A closer examination of what economic growth really is will illuminate the point. Economic growth, as conventionally measured, refers only to goods and services exchanged for money. That means that when indigenous peasants or self-sufficient villagers stop growing and sharing their own food, stop building their own houses, stop making their own entertainment, etc., and instead go to work at factories or plantations and pay for all of these things, GDP rises and they are considered better off. Their cash incomes may have risen from nearly nothing to five dollars a day, but they are now at the mercy of global markets. When commodity prices plummet (as they are now), when their nation’s currencies fall (as they are now), local prices rise and they are plunged into destitution. This would not happen if they retained some independence from the global commodity economy.
Only if we take the standard development model for granted is economic growth a necessity to alleviate poverty. In a system where all money is created as interest-bearing debt, it is a mathematical certainty that poverty and wealth inequality will increase unless income (the ability to service debt) grows faster than the debt itself. The income of many countries and people is now falling, leaving only one option to make debt payments: austerity. Austerity and (conventional) development are two sides of the same coin. Both are geared to opening a country to export its wealth. The prescriptions of austerity – privatization of public assets, removal of trade barriers, removal of labor protections, deregulation, cutting of pensions and wages – are precisely the same as the neoliberal prescription for economic development. These measures make a country more “attractive to investment.”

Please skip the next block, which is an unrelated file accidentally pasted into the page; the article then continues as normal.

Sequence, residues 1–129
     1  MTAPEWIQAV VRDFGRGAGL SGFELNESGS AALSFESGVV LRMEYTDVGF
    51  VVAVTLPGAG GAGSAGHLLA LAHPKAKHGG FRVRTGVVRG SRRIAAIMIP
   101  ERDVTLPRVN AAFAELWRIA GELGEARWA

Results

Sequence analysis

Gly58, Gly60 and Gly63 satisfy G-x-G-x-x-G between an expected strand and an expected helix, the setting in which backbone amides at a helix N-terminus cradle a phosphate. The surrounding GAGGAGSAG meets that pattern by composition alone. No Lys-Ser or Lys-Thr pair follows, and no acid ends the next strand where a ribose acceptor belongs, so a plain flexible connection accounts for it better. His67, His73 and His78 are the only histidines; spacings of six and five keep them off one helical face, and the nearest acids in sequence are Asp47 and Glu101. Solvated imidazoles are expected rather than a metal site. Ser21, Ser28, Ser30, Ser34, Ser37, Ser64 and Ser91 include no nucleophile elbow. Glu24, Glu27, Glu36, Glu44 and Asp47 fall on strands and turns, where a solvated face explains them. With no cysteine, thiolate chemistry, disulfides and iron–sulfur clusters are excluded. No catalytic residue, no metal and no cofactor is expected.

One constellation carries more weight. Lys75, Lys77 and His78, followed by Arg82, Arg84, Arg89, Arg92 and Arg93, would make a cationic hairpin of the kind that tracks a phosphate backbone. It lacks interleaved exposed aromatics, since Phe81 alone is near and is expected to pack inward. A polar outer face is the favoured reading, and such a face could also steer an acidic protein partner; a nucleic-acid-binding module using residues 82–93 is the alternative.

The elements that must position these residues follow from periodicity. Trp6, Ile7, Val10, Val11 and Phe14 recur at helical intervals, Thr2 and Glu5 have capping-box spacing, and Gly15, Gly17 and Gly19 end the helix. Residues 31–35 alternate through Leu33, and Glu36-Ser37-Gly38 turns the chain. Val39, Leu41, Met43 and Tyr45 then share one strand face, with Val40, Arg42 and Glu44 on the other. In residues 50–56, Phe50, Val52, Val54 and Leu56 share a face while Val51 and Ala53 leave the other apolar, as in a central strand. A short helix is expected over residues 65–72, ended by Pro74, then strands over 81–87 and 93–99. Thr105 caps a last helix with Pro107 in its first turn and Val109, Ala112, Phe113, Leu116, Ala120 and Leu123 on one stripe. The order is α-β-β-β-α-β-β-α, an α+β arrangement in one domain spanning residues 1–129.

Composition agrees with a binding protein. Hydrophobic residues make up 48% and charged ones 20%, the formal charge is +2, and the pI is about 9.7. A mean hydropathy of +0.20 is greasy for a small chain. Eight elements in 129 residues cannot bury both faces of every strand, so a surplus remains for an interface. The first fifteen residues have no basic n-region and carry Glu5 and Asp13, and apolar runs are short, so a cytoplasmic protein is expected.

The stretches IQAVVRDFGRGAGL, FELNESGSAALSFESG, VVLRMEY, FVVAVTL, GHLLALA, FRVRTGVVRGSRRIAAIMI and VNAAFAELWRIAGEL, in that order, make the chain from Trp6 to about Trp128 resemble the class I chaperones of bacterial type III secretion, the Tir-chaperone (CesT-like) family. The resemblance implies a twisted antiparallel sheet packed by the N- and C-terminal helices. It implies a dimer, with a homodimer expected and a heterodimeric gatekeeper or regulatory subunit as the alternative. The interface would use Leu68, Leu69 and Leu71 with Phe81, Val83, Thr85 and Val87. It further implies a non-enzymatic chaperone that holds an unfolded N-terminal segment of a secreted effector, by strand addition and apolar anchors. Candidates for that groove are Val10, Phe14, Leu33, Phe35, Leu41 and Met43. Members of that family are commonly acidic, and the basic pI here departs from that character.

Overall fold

So let’s stop taking this system for granted. First, let’s address poverty by encouraging resiliency and independence from global markets, in particular through local food autonomy, local control of resources, decentralized political institutions, and decentralized infrastructure that isn’t predicated on generating foreign exchange. Second, let’s remove the underlying driver of the compulsion to monetize – the national and private debts that have been the prime implements of colonialism since explicit colonialism ended in the 1960s. (The SDGs, laudably, make mention of debt reduction. This needs to happen on a massive scale.) Third, let’s start talking about fundamental reform of our broken, debt-based financial system, which both drives economic growth and requires growth to survive. It throws everyone into competition with everyone else, propelling a “race to the bottom” that cannot end until the entire planet has been converted into product.
Switching from chemical to herbal growth stimulants (“green” or “sustainable” development) isn’t going to solve the problem. If development equals growth, then “sustainable development” is an oxymoron. Poverty and ecocide are baked into the cake. It is time to transition to a world in which wealth no longer means more and more.
ABOUT THE AUTHOR|